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Sharing Ideas on Liberty at Ron Pauls Congressional Luncheon Group

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I had an interesting lunch yesterday. Congressman Ron Paul invited me to share libertarian perspectives on the warfare-welfare state and the debt ceiling with his private luncheon group, which consists of several of Ron’s fellow congressmen. About 8 other congressmen joined us for the luncheon meeting in Ron’s office for a fun, free-wheeling discussion of the debt ceiling, foreign policy, domestic policy, the drug war, spending, a balanced budget, and inflation.

By agreement, everything said by the congressmen at the meeting is off the record and so I won’t discuss their side of the conversation, but I am at liberty to share with you the things I said.

I told them that we shouldn’t look at the debt-ceiling crisis as a crisis but rather as an opportunity. For years, the government has been spending far more than what it has been taking in with taxes, with the result being massive debt being piled on massive debt, with American taxpayers on the hook. Nonetheless, U.S. officials want to continue spending and borrowing to their heart’s content. They are much like the millionaire, I told them, who has lost his fortune but wants to keep spending as if he were still a millionaire.

So, the government must slash spending, which provides us with the opportunity to abolish, not reform, federal programs, departments, and agencies, dismantle America’s overseas military empire, and end the drug war.

Immediately bringing all the troops home from Iraq and Afghanistan and discharging them would save a lot of money, but that’s not enough, I said. Now is a perfect time to close all the overseas military bases and terminate all foreign aid, especially to brutal dictators. That would save considerable money, with the added benefit of decreasing foreign animosity toward the United States.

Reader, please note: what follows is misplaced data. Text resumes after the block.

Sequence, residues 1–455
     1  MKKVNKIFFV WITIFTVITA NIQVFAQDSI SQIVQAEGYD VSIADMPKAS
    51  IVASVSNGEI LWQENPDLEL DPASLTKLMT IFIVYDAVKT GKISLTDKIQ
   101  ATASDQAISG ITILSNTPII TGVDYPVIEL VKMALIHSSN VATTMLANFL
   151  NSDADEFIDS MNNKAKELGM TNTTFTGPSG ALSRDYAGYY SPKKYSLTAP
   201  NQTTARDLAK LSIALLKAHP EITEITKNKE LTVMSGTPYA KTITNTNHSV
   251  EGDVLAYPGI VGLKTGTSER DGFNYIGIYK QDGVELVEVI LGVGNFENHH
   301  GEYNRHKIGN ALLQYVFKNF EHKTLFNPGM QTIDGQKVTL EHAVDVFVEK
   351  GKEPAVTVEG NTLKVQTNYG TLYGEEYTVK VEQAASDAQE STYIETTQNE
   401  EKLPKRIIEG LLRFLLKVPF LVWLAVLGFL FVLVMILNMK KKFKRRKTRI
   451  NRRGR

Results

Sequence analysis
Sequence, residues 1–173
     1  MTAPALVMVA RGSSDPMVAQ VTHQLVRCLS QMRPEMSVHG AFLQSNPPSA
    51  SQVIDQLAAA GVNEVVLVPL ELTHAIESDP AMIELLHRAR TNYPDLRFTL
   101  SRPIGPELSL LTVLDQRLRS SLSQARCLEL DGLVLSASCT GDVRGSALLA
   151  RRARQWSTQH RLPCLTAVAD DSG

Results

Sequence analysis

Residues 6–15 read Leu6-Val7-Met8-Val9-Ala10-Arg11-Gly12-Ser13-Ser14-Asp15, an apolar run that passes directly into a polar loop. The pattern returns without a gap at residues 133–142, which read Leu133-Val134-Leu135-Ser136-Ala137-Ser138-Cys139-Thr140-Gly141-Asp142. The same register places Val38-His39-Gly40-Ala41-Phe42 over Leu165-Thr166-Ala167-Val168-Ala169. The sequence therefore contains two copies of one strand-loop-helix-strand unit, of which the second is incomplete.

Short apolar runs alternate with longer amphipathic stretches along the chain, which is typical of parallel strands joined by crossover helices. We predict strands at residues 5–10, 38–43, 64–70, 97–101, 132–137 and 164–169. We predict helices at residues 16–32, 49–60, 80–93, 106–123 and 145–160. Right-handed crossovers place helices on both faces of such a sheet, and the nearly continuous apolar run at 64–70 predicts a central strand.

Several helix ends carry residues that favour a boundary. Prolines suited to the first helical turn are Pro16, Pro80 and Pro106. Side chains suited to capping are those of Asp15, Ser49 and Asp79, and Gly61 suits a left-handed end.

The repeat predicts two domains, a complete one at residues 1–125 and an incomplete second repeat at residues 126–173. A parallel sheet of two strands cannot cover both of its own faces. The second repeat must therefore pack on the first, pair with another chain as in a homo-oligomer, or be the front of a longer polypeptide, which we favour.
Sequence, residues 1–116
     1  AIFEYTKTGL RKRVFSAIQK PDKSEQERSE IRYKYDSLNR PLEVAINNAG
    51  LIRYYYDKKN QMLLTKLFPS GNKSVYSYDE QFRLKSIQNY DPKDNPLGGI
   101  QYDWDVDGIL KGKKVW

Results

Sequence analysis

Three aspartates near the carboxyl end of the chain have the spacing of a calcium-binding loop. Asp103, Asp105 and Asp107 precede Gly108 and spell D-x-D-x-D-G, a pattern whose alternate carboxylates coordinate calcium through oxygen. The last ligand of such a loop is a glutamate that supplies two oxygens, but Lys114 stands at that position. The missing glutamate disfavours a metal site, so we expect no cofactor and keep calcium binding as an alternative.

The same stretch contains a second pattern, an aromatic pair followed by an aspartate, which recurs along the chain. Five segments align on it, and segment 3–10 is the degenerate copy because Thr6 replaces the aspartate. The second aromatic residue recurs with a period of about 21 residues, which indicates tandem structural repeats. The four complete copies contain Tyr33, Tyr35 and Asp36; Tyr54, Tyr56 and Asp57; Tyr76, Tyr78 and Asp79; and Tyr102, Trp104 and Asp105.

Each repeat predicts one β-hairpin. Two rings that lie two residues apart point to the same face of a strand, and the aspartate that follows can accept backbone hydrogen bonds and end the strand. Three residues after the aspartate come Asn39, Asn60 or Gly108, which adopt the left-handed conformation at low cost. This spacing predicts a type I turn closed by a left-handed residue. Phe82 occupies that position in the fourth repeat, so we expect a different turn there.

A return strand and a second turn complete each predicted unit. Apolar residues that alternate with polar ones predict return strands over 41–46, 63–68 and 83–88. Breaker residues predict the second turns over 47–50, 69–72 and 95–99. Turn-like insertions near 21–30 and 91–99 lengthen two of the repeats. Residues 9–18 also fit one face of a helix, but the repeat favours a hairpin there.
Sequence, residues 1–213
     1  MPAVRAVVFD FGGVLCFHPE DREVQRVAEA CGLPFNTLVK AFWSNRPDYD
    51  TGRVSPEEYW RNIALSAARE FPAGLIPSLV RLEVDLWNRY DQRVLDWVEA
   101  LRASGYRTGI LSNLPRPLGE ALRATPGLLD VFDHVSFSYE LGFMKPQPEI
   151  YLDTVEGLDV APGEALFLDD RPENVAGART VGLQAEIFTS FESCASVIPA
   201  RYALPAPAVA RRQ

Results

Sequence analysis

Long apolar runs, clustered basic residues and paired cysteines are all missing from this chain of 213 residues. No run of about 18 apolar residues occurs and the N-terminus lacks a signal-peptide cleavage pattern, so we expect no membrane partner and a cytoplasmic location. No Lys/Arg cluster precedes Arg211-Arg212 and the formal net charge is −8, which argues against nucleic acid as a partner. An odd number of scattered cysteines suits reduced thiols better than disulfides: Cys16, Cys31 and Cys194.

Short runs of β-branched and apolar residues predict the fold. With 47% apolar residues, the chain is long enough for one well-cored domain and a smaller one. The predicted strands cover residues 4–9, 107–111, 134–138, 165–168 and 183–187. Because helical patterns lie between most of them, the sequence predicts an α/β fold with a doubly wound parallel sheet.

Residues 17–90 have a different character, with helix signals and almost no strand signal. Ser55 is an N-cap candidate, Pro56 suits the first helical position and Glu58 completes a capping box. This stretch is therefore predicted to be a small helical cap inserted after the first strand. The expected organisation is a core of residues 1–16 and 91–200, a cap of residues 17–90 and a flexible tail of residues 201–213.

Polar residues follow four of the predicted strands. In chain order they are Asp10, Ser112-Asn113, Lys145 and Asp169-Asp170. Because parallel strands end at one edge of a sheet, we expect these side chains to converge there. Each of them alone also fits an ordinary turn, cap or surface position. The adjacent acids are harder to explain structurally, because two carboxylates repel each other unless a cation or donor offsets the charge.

On the domestic side, I suggested that while the pragmatic argument for abolishing programs is important — that is, that the government can’t afford them anymore — I advocated that Republicans also embrace a philosophical approach, one that asks this critically important question: What should be the role of government in a free society?

For easy things to abolish, I suggested that they could begin with Ronald Reagan’s recommendations — abolish the Departments of Education and Energy, along with the Department of Commerce, which Republicans have in the past called for abolishing.

The reason I recommended abolition, I told them, as compared to across-the-board cuts, was because departments and programs are like cancer. If you just cut a little bit out, they’ll come roaring back. By abolishing them, you get rid of the entire cancer.

I also recommended that they directly confront Social Security and Medicare and call for their repeal, not reform, no matter what the political costs might be. I reminded them that conservatives battled against both of these socialist programs when they were first proposed by FDR and LBJ, and all the bad things that conservatives predicted have come true — dependency on government, out of control spending, federal bankruptcy, and the ever-increasing embrace of socialistic programs. I reminded them that coercive, government-mandated charity was no charity at all and that the only genuine charity is voluntary.

Finally, I said that repealing the drug war is a total no-brainer. Forty years of warfare have produced nothing positive while killing and destroying the lives of countless innocent people. What better way to save money than by ridding our nation of the scourge of drug warfare?

As you can imagine, it was a lively conversation! Thanks to Ron and his staff for inviting me to share our libertarian perspectives here at FFF with his congressional luncheon group.

This post was written by:

Jacob G. Hornberger is founder and president of The Future of Freedom Foundation. He was born and raised in Laredo, Texas, and received his B.A. in economics from Virginia Military Institute and his law degree from the University of Texas. He was a trial attorney for twelve years in Texas. He also was an adjunct professor at the University of Dallas, where he taught law and economics. In 1987, Mr. Hornberger left the practice of law to become director of programs at the Foundation for Economic Education. He has advanced freedom and free markets on talk-radio stations all across the country as well as on Fox News’ Neil Cavuto and Greta van Susteren shows and he appeared as a regular commentator on Judge Andrew Napolitano’s show Freedom Watch. View these interviews at LewRockwell.com and from Full Context. Send him email.